Katrensky et al v. United States of America (CONSENT), No. 3:2009cv00030 - Document 43 (M.D. Ala. 2010)

Court Description: MEMORANDUM OPINION AND ORDER that the United States's 30 motion forsummary judgment is due to be granted and this case is due to be dismissed. Signed by Honorable Charles S. Coody on 7/23/2010. (br, )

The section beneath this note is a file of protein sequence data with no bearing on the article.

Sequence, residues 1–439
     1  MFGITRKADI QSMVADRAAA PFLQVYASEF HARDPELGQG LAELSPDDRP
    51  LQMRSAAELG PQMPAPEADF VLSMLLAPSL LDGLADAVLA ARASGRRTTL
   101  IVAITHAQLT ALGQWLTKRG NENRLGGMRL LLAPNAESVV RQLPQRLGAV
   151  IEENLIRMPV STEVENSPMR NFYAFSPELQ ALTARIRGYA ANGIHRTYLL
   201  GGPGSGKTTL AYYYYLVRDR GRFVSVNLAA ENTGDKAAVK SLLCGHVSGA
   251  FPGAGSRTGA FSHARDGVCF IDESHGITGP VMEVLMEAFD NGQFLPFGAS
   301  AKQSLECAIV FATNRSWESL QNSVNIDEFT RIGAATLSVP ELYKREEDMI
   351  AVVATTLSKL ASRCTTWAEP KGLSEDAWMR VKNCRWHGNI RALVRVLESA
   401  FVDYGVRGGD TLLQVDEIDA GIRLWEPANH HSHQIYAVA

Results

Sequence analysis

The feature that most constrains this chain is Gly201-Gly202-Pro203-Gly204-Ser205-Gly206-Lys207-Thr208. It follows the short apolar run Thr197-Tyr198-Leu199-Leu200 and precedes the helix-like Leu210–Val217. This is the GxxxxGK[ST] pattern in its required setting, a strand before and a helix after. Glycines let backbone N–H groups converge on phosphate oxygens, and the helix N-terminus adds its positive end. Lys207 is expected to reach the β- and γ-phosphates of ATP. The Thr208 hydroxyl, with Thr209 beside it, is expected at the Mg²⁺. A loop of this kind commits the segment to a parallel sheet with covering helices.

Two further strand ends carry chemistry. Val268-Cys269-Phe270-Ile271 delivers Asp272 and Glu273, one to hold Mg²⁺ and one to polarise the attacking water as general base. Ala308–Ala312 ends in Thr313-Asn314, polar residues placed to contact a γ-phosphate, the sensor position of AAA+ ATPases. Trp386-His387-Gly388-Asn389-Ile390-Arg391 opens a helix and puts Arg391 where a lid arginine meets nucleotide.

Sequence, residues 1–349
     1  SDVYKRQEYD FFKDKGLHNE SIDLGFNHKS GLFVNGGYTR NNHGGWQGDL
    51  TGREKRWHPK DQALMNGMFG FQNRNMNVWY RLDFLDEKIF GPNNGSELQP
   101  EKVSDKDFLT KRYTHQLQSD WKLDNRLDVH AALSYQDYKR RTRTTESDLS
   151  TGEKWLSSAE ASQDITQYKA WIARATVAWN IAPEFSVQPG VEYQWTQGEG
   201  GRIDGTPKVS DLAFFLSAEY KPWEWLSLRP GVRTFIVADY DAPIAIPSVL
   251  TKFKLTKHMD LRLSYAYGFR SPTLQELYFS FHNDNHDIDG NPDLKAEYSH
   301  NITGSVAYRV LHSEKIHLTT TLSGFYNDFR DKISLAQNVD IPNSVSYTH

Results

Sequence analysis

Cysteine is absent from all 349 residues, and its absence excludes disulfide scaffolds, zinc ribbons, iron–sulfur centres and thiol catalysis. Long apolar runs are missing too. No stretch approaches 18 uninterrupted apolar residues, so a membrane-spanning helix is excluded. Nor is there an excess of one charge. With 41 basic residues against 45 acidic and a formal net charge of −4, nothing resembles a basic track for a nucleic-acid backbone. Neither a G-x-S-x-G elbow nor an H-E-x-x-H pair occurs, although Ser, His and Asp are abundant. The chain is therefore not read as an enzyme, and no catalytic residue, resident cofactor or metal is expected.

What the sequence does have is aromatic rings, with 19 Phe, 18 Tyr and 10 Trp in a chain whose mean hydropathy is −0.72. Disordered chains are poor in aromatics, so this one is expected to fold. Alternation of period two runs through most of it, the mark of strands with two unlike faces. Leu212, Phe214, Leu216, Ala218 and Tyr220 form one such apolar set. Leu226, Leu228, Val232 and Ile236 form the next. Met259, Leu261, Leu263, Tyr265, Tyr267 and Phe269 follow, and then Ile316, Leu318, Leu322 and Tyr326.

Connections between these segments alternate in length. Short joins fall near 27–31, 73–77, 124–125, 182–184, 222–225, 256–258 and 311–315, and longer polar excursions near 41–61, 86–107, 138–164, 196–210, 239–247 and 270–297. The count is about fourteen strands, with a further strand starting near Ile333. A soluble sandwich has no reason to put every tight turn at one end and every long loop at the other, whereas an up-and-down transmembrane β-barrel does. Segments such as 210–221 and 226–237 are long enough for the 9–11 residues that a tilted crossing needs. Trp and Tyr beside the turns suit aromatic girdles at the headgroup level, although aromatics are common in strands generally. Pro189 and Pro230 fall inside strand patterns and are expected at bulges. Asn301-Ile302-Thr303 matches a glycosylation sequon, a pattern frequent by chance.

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Katrensky et al v. United States of America (CONSENT) Doc. 43 IN THE UNITED STATES DISTRICT COURT FOR THE MIDDLE DISTRICT OF ALABAMA EASTERN DIVISION IRENE & JOHN KATRENSKY, Plaintiffs, v. UNITED STATES OF AMERICA, Defendant. ) ) ) ) ) ) ) ) ) CIVIL ACT. NO. 3:09cv30-CSC (WO) MEMORANDUM OPINION I. INTRODUCTION Plaintiffs Irene and John Katrensky seek compensatory and punitive damages against the defendant United States of America for personal injuries Mrs. Katrensky sustained when she slipped and fell while entering the United States Veterans Hospital in Tuskegee, Alabama. The plaintiffs allege that the United States, in their operation of the Veterans Hospital, acted negligently and wantonly in failing to maintain its premises in a reasonably safe condition. They further allege that the defendant failed to properly train, inspect or warn the plaintiffs of a dangerous condition. John Katrensky also brings a loss of consortium claim. Pursuant to 28 U.S.C. § 2679(d)(1), the United States was substituted as the defendant for the state law tort claims. Because the United States has been substituted as a party defendant with respect to the tort claims, the Katrenskys exclusive remedy against the Dockets.Justia.com United States is pursuant to the Federal Tort Claims Act. See 28 U.S.C. § 2679.1 The court has jurisdiction of the plaintiffs claims pursuant to the jurisdictional grant in 28 U.S.C. § 1346(b). Pursuant to 28 U.S.C. § 636(c)(1) and M.D. Ala. LR 73.1, the parties have consented to a United States Magistrate Judge conducting all proceedings in this case and ordering the entry of final judgment. This case is now pending before the court on the defendant s motion to dismiss or in the alternative, motion for summary judgment (doc. # 30).2 The plaintiffs have responded to the defendant s motion (doc. # 38). After carefully reviewing the defendant s motion for summary judgment, the plaintiffs response to the motion and the supporting and opposing evidentiary materials, the court concludes that the motion is due to be granted. II. SUMMARY JUDGMENT STANDARD Under FED.R.CIV.P. 56(c) summary judgment is proper if the pleadings, depositions, answers to interrogatories, and admissions on file, together with the affidavits, if any, show that there is no genuine issue as to any material fact and that the moving party is entitled to 1 Title 28 U.S.C. § 2679(b)(1) provides, in pertinent part, as follows: The remedy against the United States provided by sections 1346(b) and 2672 of this title for injury or loss of property, or personal injury or death arising from the negligent or wrongful act or omission of any employee of the Government while acting within the scope of his office or employment is exclusive of any other civil action or proceeding for money damages by reason of the same subject matter against the employee whose act or omission gave rise to the claim or against the estate of such employee. 2 Because the motion relies on matters outside the pleadings, the court considers the motion as a motion for summary judgment (doc. # 32). 2 a judgment as a matter of law. Celotex Corp. v. Catrett, 477 U.S. 317, 322 (1986).3 The party moving for summary judgment always bears the initial responsibility of informing the district court of the basis for its motion, and identifying those portions of the pleadings, depositions, answers to interrogatories, and admissions on file, together with the affidavits, if any, which it believes demonstrate the absence of a genuine issue of material fact. Id. at 323. The movant may meet this burden by presenting evidence showing there is no dispute of material fact, or by showing that the nonmoving party has failed to present evidence in support of some element of its case on which it bears the ultimate burden of proof. Id. at 322-324. If the movant succeeds in demonstrating the absence of a material issue of fact, the burden shifts to the non-movant to establish, with evidence beyond the pleadings, that a genuine issue material to the non-movant's case exists. See Clark v. Coats & Clark, Inc., 929 F.2d 604, 608 (11 th Cir. 1991); see also FED.R.CIV.P. 56(e) ( When a motion for summary judgment is made and supported ... an adverse party may not rest upon the mere allegations or denials of [his] pleading, but [his] response ... must set forth specific facts showing that 3 In Celotex Corporation v. Catrett, 477 U.S. 317, 322 (1986), the court stated: "[W]here the nonmoving party will bear the burden of proof at trial on a dispositive issue...Rule 56(e)...requires the nonmoving party to go beyond the pleadings and by...affidavits, or by the "depositions, answers to interrogatories, and admissions on file," designate "specific facts showing that there is a genuine issue for trial...We do not mean that the nonmoving party must produce evidence in a form that would be admissible at trial in order to avoid summary judgment...Rule 56(e) permits a proper summary judgment motion to be opposed by any of the kinds of evidentiary materials listed in Rule 56(c) except the mere pleadings themselves. . . Id. at 324. 3 there is a genuine issue for trial. ). What is material is determined by the substantive law applicable to the case. Anderson v. Liberty Lobby Inc., 477 U.S. 242, 248 (1986). A dispute of material fact is genuine ... if the evidence is such that a reasonable jury could return a verdict for the nonmoving party. Id. at 248 (1986). The non-movant must do more than simply show that there is some metaphysical doubt as to the material facts. Matsushita Elec. Ind. Co. v. Zenith Radio Corp., 475 U.S. 574, 586 (1986). Rather, the non-movant must present affirmative evidence of material factual conflicts to defeat a properly supported motion for summary judgment. Anderson, 477 U.S. at 257. If the non-movant s response consists of nothing more than conclusory allegations, the court must enter summary judgment for the movant. See Harris v. Ostrout, 65 F.3d 912 (11 th Cir. 1995); Peppers v. Coates, 887 F.2d 1493 (11 th Cir. 1989). However, evidence presented by the non-movant must be believed and all justifiable inferences must be drawn in favor of the non-movant.4 Anderson, 477 U.S. at 255. After the nonmoving party has responded to the motion for summary judgment, the court must grant summary judgment if there remains no genuine issue of material fact and the moving party is entitled to judgment as a matter of law. FED.R.CIV.P. 56(c). With these principles of law in mind, the court will determine now whether summary judgment is appropriate should be granted. 4 [W]hat is considered to be the facts at the summary judgment stage may not turn out to be the actual facts if the case goes to trial, but those are the facts at this stage of the proceeding for summary judgment purposes. Cottrell v. Caldwell, 85 F.3d 1480, 1486 (11th Cir. 1996). 4 III. DISCUSSION A. FACTS 5 The facts are simple and undisputed. On June 29, 2005, John Katrenksy had an 8:00 a.m. podiatry appointment at the United States Veterans Hospital in Tuskegee, Alabama. (Dep. John Katrensky at 19, 22). When Irene and John left their house around 5:00 a.m, it was raining. (Dep. Irene Katrensky at 24; Dep. John Katrensky at 20). However, when they arrived at the hospital, it was only misting. ( Dep. Irene Katrensky at 24). Irene parked in the side parking lot, and she and John entered the hospital at approximately 7:00 a.m. (Id.) There was a mat at the entrance of the hospital. (Id. at 27). Irene and John entered the hospital and walked down the hallway to the lobby. (Id. at 25). Neither Irene nor John noticed anything on the floor at that time. (Dep. John Katrensky at 26) Between 8:00 a.m. and 8:15 a.m., Irene left John in the lobby to go to the car to get John a bottle of water. (Id. at 26; Dep. John Katrensky at 25). When Irene reentered the hospital, to dry her feet, she dragged them across the mat. (Dep. Irene Katrensky at 27). She took two steps on the mat, and when she stepped off the mat, she slipped and fell on the floor. (Id.). According to Irene, she did not see water or any other substance on the floor. (Id. at 28). After she fell, an unknown patient and a staff member helped Irene into a wheelchair, and she was taken to the emergency room. (Id. at 13). While Irene did not see any water on 5 Construing the evidence in a light most favorable to the non-movants, the facts are as follows. 5 the floor before she fell, when she got to the emergency room she realized her pants were wet. (Id. at 32-33, 37, 42). X-rays revealed a broken left wrist. (Id. at 33). The plaintiffs filed suit on January 13, 2009. B. FEDERAL TORT CLAIMS ACT and APPLICABLE LAW The plaintiffs claims against the United States are barred by the doctrine of sovereign immunity except as to those tort claims for which Congress has waived sovereign immunity and granted consent for the United States to be sued. Under the Federal Tort Claims Act ( FTCA ), Congress waived sovereign immunity and granted consent for the United States to be sued for acts committed by any employee of the Government while acting within the scope of his office or employment. 28 U.S.C. § 1346(b)(1). Consequently, the only claims remaining are those tort claims under the FTCA. Pursuant to the FTCA, liability is determined in accordance with the law of the place where the act or omission occurred. 28 U.S.C. § 1346(b)(1). See also Ochran v. United States, 273 F.3d 1315, 1317 (11 th Cir. 2001). [T]he FTCA was designed to provide redress for ordinary torts recognized by state law. Id. Indeed, our court has squarely addressed this issue, holding that unless the facts support liability under state law, the district court lacks subject matter jurisdiction to decide an FTCA claim. Lawrence v. Dunbar, 919 F.2d 1525, 1528 (11th Cir. 1990) (per curiam). Ochran, 273 F.3d at 1317. Thus, Alabama tort law applies. See Stone v. United States, 373 F.3d 1129, 1130 (11 th Cir. 2004). 6 D. THE LAW OF PREMISES LIABILITY It is undisputed that Irene was an invitee of the defendant. Thus, the defendant owed Irene, a duty to exercise ordinary and reasonable care to keep the premises in a reasonably safe condition. Perry v. Macon Cnty Greyhound Park, Inc., 514 So. 2d 1280, 1281 (Ala. 1987). See also Terrell v. Warehouse Groceries, 364 So. 2d 675, 675 (Ala. 1978). The owner of the premises, however, is not an insurer of the safety of his invitees, and the fact that the plaintiff fell and was injured raises no presumption of negligence. Perry, 514 So. 2d at 1281. See also Greer v. Eye Foundation, Inc., 237 So. 2d 456, 459 (Ala. 1970); Riverview Reg. l Met. Ctr., Inc. v. Williams, 667 So. 2d 46, 48 (Ala. 1995); Brown v. Autry Greer & Sons, Inc., 551 So. 2d 1049, 1050 (Ala. 1989). The plaintiffs bear the burden of proving that the defendant breached its duty to exercise ordinary and reasonable care and failed to keep its premises in a reasonably good condition. Greer, 237 So. 2d at 459. Alabama law is well established that rain water cases are unequivocally distinct from other slip and fall cases. See Gulas v. Ratliff, 216 So. 2d 278, 281 (Ala. 1968) ( A fall caused by snow or rain is distinguishable from a fall resulting from some other object as is usual in a slip and fall case. ); Terrell, 364 So. 2d at 677; Wal-Mart Stores, Inc. v. White, 476 So. 2d 614, 616 (Ala. 1985). The law in a case like this has long been settled. The plaintiff was a business invitee of the defendants and, as such, the defendants have the duty of exercising ordinary and reasonable care to keep the premises in a reasonably safe condition. This does not require a storekeeper to keep a floor completely dry during rainstorms. Terrell v. Warehouse Groceries, 364 So. 2d 675 (Ala. 1978). 7 McDonald s Corp. v. Grissom, 402 So. 2d 953, 955 (Ala. 1981). The parties assume that the foreign substance at issue in this case was tracked-in rain water.6 No allegation is made or evidence presented which suggests that the floor at the entrance to the hospital was defectively designed, constructed, or installed. The dispositive issue in this case is whether the United States breached its duty to exercise reasonable care to maintain the entryway of the hospital in a reasonably safe condition. The United States owed Mrs. Katrensky, as an invitee, a duty to exercise reasonable care to maintain its premises in a reasonably safe condition. [A]lthough a storekeeper owes a customer a duty to exercise reasonable care to maintain the premises in a safe condition, where the foreign substance is rainwater tracked in by customers and in the absence of unusual accumulation, due care does not require that a storekeeper keep a floor completely dry during a rainstorm or to hold him responsible for every slick place due to tracked-in rainwater would impose an unreasonable standard of care, and would, in effect, make him an insurer of the customer s safety. Of course, each case must be examined in light of its particular circumstances, and where there are unusual accumulations of rain water or other circumstances, due care may require that the storekeeper take affirmative measures such as mopping, applying anti-slip compounds, or posting warnings. Terrell, 364 So. 2d at 677. The Alabama Supreme Court has repeatedly held that a reasonable person knows, or should know, that rain water causes surfaces to become slick, and thus, premise owners are generally not liable for slippery conditions caused by rain water. See Ex parte Neese, 819 So. 2d 584, 590 (Ala. Oct. 26, 2001) (location of door mat coupled with being wet from the rain was obvious to the plaintiff); Shelton v. Boston Fin., 6 The only evidence of the nature of the offending substance is Irene s testimony that when she was in the emergency room, she noticed her pants were wet. (Dep. Irene Katrensky at 32, 37, & 42). 8 Inc., 638 So.2d 824, 825 (Ala. 1994) (reasonable person would be expected to realize that rain would cause grass to become slippery); Hines v. Hardy, 567 So. 2d 1283, 1284 (Ala. 1990) (plaintiff knew crosstie was wet from rain and thus, as a matter of law, was on notice of the slippery condition); Lawson v. Williams, 514 So. 2d 882, 883 (Ala. 1987) (plaintiff should have known that leaves accumulated after rain would probably be wet and slippery).7 In opposition to the motion for summary judgment, the plaintiffs assert that [o]nce an unusual accumulation of rainwater is established by substantial evidence, the defendant must show that he exercised due care in taking measures to prevent accidents due to the unusual accumulation of rainwater. (Pls Br. at 7). They assume summary judgment is inappropriate because there is a genuine issue of fact about what constitutes an unusual accumulation of water. However, assertions and assumptions of counsel are not evidence. The mere fact that there may have been water on the floor is insufficient to create a genuine issue of fact. [W]hen weather creates a natural hazard of this sort, a person of ordinary care is not required to keep a floor in a public place completely free of snow or water. Terrell, 364 So. 2d at 677. Cf, Perry, 514 So. 2d at 1282. For the same reason, the fact that Mrs. Katrensky s pants were wet does not create a genuine issue of fact thereby precluding summary judgment. See Greer, supra (fact that uniform was wet from hips to shoulder was not enough to survive summary judgment). Even assuming that the substance on the floor 7 The Alabama Supreme Court recognizes that in other contexts rain creates conditions which an average person is expected to know may constitute a hazard. See Shelton v. Boston Fin., Inc., 638 So.2d 824 (Ala. 1994) (A reasonable person knows that rain falling on grass causes it to be wet and that a slope covered by wet grass would naturally be slippery). 9 was water, there is no evidence that there was an unusual accumulation of water. As explained elsewhere in this opinion, the Alabama courts have consistently recognized the obvious fact that at an entrance to a building on a rainy day water will be present. A party opposing a motion for summary judgment must submit affirmative evidence demonstrating an genuine issue of material fact on an essential element of her claim. Celotex, 477 U.S. at 322. The plaintiffs argue that the question of what constitutes an unusual accumulation of water is a question for the jury. (Pls Br. at 6). For that proposition, they rely on Boyd v. Wal-Mart Stores, Inc., 710 So. 2d 1258 (Ala. Civ. App. 1997). In Boyd, a customer fell when he slipped on water which had accumulated at a service desk located inside the store. In his deposition, Boyd said that he would consider the amount of water on the floor at Wal-Mart the day he fell to be unusual. Evidence also tends to show not only that water was in the doorway, where one would expect the floor to be wet on a rainy day, but that the floor was wet even in the area around the service desk. What constitutes an unusual accumulation of water is a fact question that should be answered by the jury. Boyd presented substantial evidence to create a question whether there was an unusual accumulation of rainwater on the floor. Id. at 1260. Two observations about Boyd are appropriate. While Boyd may be instructive, it is not binding on this court because it is a decision of an intermediate Alabama appellate court.8 8 Of course, where a state s highest court has not spoken to an issue, a federal court is required to follow intermediate state court decisions absent some clear indication the state s highest court would rule otherwise. Silverberg v. Paine, Webber, Jackson & Curtis, Inc., 710 F.2d 678, 690 (11th Cir. 1983). Here, however, the Alabama Supreme Court has spoken to the question of unusual accumulations of rainwater. 10 Second, and more importantly, Boyd itself draws an important distinction about the impact of the location of the rainwater because it notes the expectation that, on a rainy day, entrance areas will be wet. The offending water in Boyd was not located at the store entrance. Thus, the Boyd court s statement that what constitutes an unusual accumulation is a jury question cannot be generalized to situations involving accumulations of rainwater at a store entrance. However, the court s conclusions about Boyd s applicability do not end the enquiry. In King v. Winn-Dixie of Montgomery, Inc., 565 So. 2d 12 (Ala. 1990), Alabama s highest court concluded that evidence of rainwater on the floor at a store entrance was sufficient to create a question for a jury. In Strahsburg v. Winn Dixie Montgomery, Inc., 601 So. 2d 916 (Ala. 1992), the court considered a rainy day fall near shopping carts at the front of the store. The plaintiff had just checked out and fell after returning his shopping cart to the front of the store. The Alabama Supreme Court concluded that the trial court erred in directing a verdict in favor of the defendant. In the present case, Strahsburg testified, [T]here was a lot of water on the floor because my pants were, if you want to say, close to sopping wet. I had blue jeans on and they were very wet. Although there was testimony from the store manager and the bagger that the floors were mopped as often as possible and that the warning signs were in place when Strahsburg fell, he testified that he did not see any warning signs in the area where he fell. The testimony from Strahsburg regarding the amount of water on the floor and his testimony that he did not see any warning signs posted created factual questions as to whether Winn-Dixie breached its duty of care to Strahsburg. Id. at 919. Boyd and Strahsburg are difficult to reconcile with other Alabama cases. In Cox v. 11 Goldstein, 53 So. 2d 354 (Ala. 1951), the plaintiff fell at the entrance to a store. 'About the middle of the afternoon on New Year's Eve, 1947, the plaintiff, a widow of middle age, accompanied by another lady, entered the outer lobby or vestibule of the defendants' ladies' ready-to-wear store in Birmingham for the purpose of purchasing a dress. It was raining at the time and had been raining since 11:42 in the morning, the rainfall being described as from 'light' to 'moderate'. The plaintiff was wearing shoes with leather soles and medium heels. 'After traversing a few steps into the entrance-way, the plaintiff's feet slipped forward and out from under her, and she fell upon the floor of the vestibule in a sitting position. When she arose from her fall her hose and clothing were found to be wet and muddy. Id. at 355. The Cox court found that this evidence, including testimony that the plaintiff had muddy water all on the side of her skirt and that it was awfully wet was held to be insufficient to create a genuine issue about the store s negligence. In Gulas v. Ratliff, supra, the plaintiff entered the restaurant on a snowy and icy day and fell after taking just a couple of steps inside . . . The court ruled for the defendant concluding that there was no evidence of an unusual accumulation of snow. In Wal-Mart Stores, Inc. v. White, supra, a customer entered the store on a rainy day, slipped and fell, breaking her left leg. Relying on Cox, Gulas, and Terrell, the court held that where the evidence showed only that the floor was just wet enough to be slick, there was not sufficient evidence to create a genuine issue about an unusual accumulation even though the evidence also indicated that the plaintiff s clothes were wet when she got home. Id. at 616-17. The only evidence before the court is Irene Katrensky s testimony that before she fell, she did not see anything, including water, on the floor, but after the fall her pants were wet. 12 As Terrell, supra, makes clear, it is the plaintiffs burden to show that an unusual accumulation of rainwater or other circumstances existed. The evidence which was submitted by the plaintiffs does not create a genuine issue about the existence of an unusual accumulation of water. In view of the seemingly conflicting precedents, it is the duty of this court to predict how the Alabama Supreme Court would rule on this question. See Crowe v. Coleman, 113 F.3d 1536, 1540 (11th Cir. 1997). After careful consideration of the issue presented and a close review of binding Alabama precedent, the court concludes that the plaintiffs are required but have failed to demonstrate a genuine issue of material fact about whether there was an unusual accumulation of rain water or the existence of other circumstances in this case. Therefore, summary judgment is appropriate because absent an unusual accumulation or other circumstances, the presence of rainwater on a floor is not a breach of due care. White, 476 So. 2d at 618. The plaintiffs also argue that the defendant breached its duty of due care to them because there is no evidence that the hospital took any affirmative measures under the circumstances. This argument is unavailing. Even if the court were to assume that the plaintiffs had established that there was an unusual accumulation of rain water, the hospital was not duty bound to take affirmative measures. [W]here there are unusual accumulations of rain water or other circumstances, due care may require that the shopkeeper take affirmative measures such as mopping, applying anti-slip compounds or posting warnings. 13 Terrell, 364 So. 2d at 677 (emphasis added). More importantly, however, it is undisputed that the hospital had taken an affirmative action by placing a door mat at the entryway.9 Thus, the court concludes that Mrs. Katrensky has failed to establish that a genuine issue of fact exists regarding whether the United States breached its duty to keep its hospital in a reasonably safe condition. It is not the duty of persons in control of such passageways to keep a force of moppers to mop up the rain as fast as it falls or blows in, or is carried in by wet feet or clothing or umbrellas, for several obvious reasons unnecessary to mention in detail. There is no evidence in this case that [defendant] did anything or omitted to do anything which storekeepers, of ordinary care and prudence, under similar circumstances, do or omit to do for the protection of their patrons. Cox, 53 So. 2d at 357; Terrell, 364 So. 2d at 676. Finally, an invitor generally will not be liable to an invitee for any injuries caused by a danger or condition which was known or should have been known to the invitee in the exercise of reasonable care. Knight v. Seale, 530 So. 2d 821, 832 (Ala. 1988). Whether we speak in terms of the duty owed by the defendant . . ., the plaintiff cannot recover for negligence or wantonness if the plaintiff s injury was caused by an open and obvious danger of which the plaintiff knew, or should have been aware. However, not only must the plaintiff have knowledge of the dangerous condition, but the plaintiff also must have a conscious appreciation of the danger posed by the visible condition at the moment the incident 9 Mrs. Katrensky acknowledged that it had been raining and she wiped her feet on the mat because it had been raining. (Dep. Irene Katrensky at 27). The duty to keep premises safe for invitees applies only to defects or conditions which are in the nature of hidden dangers, traps, snares, pitfalls and the like in that they are not known to the invitee, and would not be observed by [her] in the exercise of ordinary care. Harding v. Pierce Hardy Real Estate, 628 So. 2d 461, 463 (Ala. 1993) (emphasis in original). Because the plaintiff was aware of the condition caused by the rain, the court concludes that the defendant did not create a trap. 14 occurred. Marquis v. Marquis, 480 So. 2d 1213, 1215 (Ala. 1985) Although the question of the plaintiff s appreciation of the danger is almost always a jury question, there are instances where the facts are such that all reasonable men must reach the same conclusion. See Knight, 530 So. 2d at 824. Mrs. Katrensky was aware of the wet condition caused by the rain. She testified that it had been raining and she dragged her feet across the mat when she entered the hospital because she knew her feet were wet, and she had to be careful. (Dep. Irene Katrensky at 27 & 41). Thus, she was aware of and as a matter of law must have appreciated the danger created by the rain as evidenced by the fact that she wiped her feet on the mat when she entered the hospital. See Boyd v. Sears Roebuck & Co., 642 So. 2d 949, 950 (Ala. 1994) (plaintiff s admission that she attempted to avoid the oil spot is evidence that, as a matter of law, she appreciated the danger caused by the oil). Thus, because the condition of the floor was open and obvious, the United States is entitled to judgment as a matter of law. Id. E. WANTONNESS UNDER ALABAMA LAW To be liable for wantonness under Alabama law, the defendant must act with a reckless or conscious disregard of the rights or safety of others. Boyd, 642 So. 2d at 95051. The Alabama Supreme Court holds that wantonness and negligence are independent causes of action and emphasizes that wantonness is not simply a higher degree of culpability than negligence. See e.g., Ex parte Anderson, 682 So. 2d 467 (Ala. 1996). In Anderson, the 15 Alabama Supreme Court explained that Implicit in wanton, willful, or reckless misconduct is an action, with knowledge of danger, or with consciousness, that the doing or not doing of some act will likely result in injury . . . . Negligence is usually characterized as an inattention, thoughtlessness, or heedlessness, a lack of due care; whereas wantonness is characterized as an act which cannot exist without a purpose or design, a conscious or intentional act. [W]anton or willful misconduct is characterized as such by the state of mind with which the act or omission is done or omitted. Id. at 470 (citing Ex parte McNeil, 63 So. 992 (Ala. 1913)). In response to the defendant s motion for summary judgment, the plaintiffs have failed to state with any coherent degree of specificity why the motion should be denied on this claim. The plaintiffs argument in opposition to the motion for summary judgment on their wantonness claim, in its entirety, is as follows: The Plaintiffs contend that the employees failure to comply with the VA s written policies and procedures set out for the stated purpose of maintaining a safe environment, despite training to the contrary, demonstrates a wanton disregard for the patrons, and establishes wanton conduct for which the Plaintiffs are entitled to relief. The employees knew of the risk of injury to foreseeable plaintiffs, and their reckless disregard for their duties during rainy weather constitutes wantonness. (Pls Br. at 10). The onus is on the party opposing summary judgment to submit affirmative evidence demonstrating that there exists a genuine issue of material fact regarding an essential element of the claim. Celotex, 477 U.S. at 322. The court is not required to distill every potential argument that could be made based upon the materials before it on summary judgment. Blue Cross & Blue Shield of Ala. v. Weitz, 913 F.2d 1544, 1550 (11 th Cir. 1990). More importantly, however, the court s independent evaluation of the record 16 demonstrates that it is devoid of any evidence that the hospital acted wantonly. The plaintiffs have not presented the court with any evidence about the state of mind of any hospital employee or any argument suggesting that the hospital s failure to discover, remove or do something about the tracked-in rain water is evidence of wanton conduct.10 Evidence that an accident occurred, without evidence that the defendant or its agents were conscious of the plaintiff s injury or the potential for injury, is insufficient to prove wantonness under Alabama law. Consequently, the court concludes that the United States motion for summary judgment on the plaintiffs wantonness claim is due to be granted. F. NEGLIGENT TRAINING AND SUPERVISION CLAIM The plaintiffs allege that the defendant was negligent in the supervision and training of staff. In the master and servant relationship, the master is held responsible for his servant s incompetency when notice or knowledge, either actual or presumed, of such unfitness has been brought to him. Liability depends upon it being established by affirmative proof that such incompetency was actually known by the master or that, had he exercised due and proper diligence, he would have learned that which would charge him in the law with such knowledge. It is incumbent on the party charging negligence to show it by proper evidence. 10 The plaintiffs suggest that the Defendants have failed to demonstrate that the VA hospital followed its own policies or procedures with respect to maintaining a safe environment for its patrons. There is no evidence that safety rounds or routine inspections were conducted by housekeeping aids or supervisor (sic) as prescribed by policy. (Pls Br. at 9). First, as previously discussed, under Alabama law, rain water cases are treated differently from other slip and fall cases. See Gulas v. Ratliff, 216 So. 2d 278 (Ala. 1968); Terrell v. Warehouse Groceries, 364 So. 2d 675 (Ala. 1978); Wal-Mart Stores, Inc. v. White, 476 So. 2d 614 (Ala. 1985). Next, this argument turns the summary judgment standard on its head. It is the plaintiffs burden to present affirmative evidence that the defendant acted wantonly under the circumstances. There is no express or implied requirement in FED .R.CIV .P. 56 that the moving party support its motion with affidavits or other similar materials negating the opponent's claim. Celotex Corp. v. Catrett, 477 U.S. 317, 323 (1986). Thus, the defendant has no duty to demonstrate the lack of wantonness. 17 Potts v. BE & K Constr. Co., 604 So. 2d 398, 400 (Ala. 1992). Although the plaintiffs responded to the defendants motion for summary judgment, their supporting brief does not refer the court to any evidence or legal authority with respect to this claim. Their entire argument is [a]t a minimum, the Defendants (sic) actions, or failure to ensure compliance with policies and procedures amounted to negligent training and supervision. (Pls Br. at 10). The plaintiffs have alleged no facts that would indicate the defendant had knowledge of any tortious conduct on the part of its employees. Moreover, the plaintiffs have alleged no facts from which the court could conclude any underlying tortious conduct had been committed by any agent of the defendant. See Stevenson v. Precision Standard, Inc., 762 So. 2d 820 (Ala. 1999). Finally, the plaintiffs failure to substantively address their negligent training and supervision claim acts as a concession that this claim does not survive the motion for summary judgment. The burden is on the parties to formulate arguments and grounds alleged in the complaint but not relied upon in responding to a motion for summary judgment are deemed abandoned. See Road Sprinkler Fitters Local Union No. 669 v. Indep. Sprinkler Corp., 10 F.3d 1563, 1568 (11 th Cir. 1994). Accordingly, the court concludes that the defendant s motion for summary judgment on this claim is due to be granted. G. LOSS OF CONSORTIUM CLAIM Alabama law defines consortium as the conjugal fellowship of husband and wife, and the right of [husband and wife] to the company, society, cooperation, affection, and aid of 18 the other in every conjugal relation. Hinson v. King, 603 So. 2d 1104, 1106 (Ala. Civ. App. 1992). Under Alabama law, a loss of consortium claim is derivative of the claims of an injured spouse. See Ex parte N.P., 676 So. 2d 928, 930 (Ala. 1996); Mattison v. Kirk, 497 So. 2d 120, 123 (Ala. 1986), overruled on other grounds, King v. Nat l Spa and Pool Inst., Inc., 607 So. 2d 1241 (Ala. 1992). Consequently, to recover on a loss of consortium claim, the plaintiff must prove that the spouse s injury was caused by the defendant s wrongful acts and that, as a result, the plaintiff was injured. Ex parte N.P., 676 So. 2d at 930 . Because Mrs.Katrensky s negligence claim does not survive summary judgment, neither does Mr. Katrensky s loss of consortium claim. Therefore, the United States motion for summary judgment on this claim is due to be granted. IV. CONCLUSION For the reasons as stated, the court concludes that the United States s motion for summary judgment is due to be granted and this case is due to be dismissed. A separate order will be entered. Done this 23 rd day of July, 2010. /s/Charles S. Coody CHARLES S. COODY UNITED STATES MAGISTRATE JUDGE 19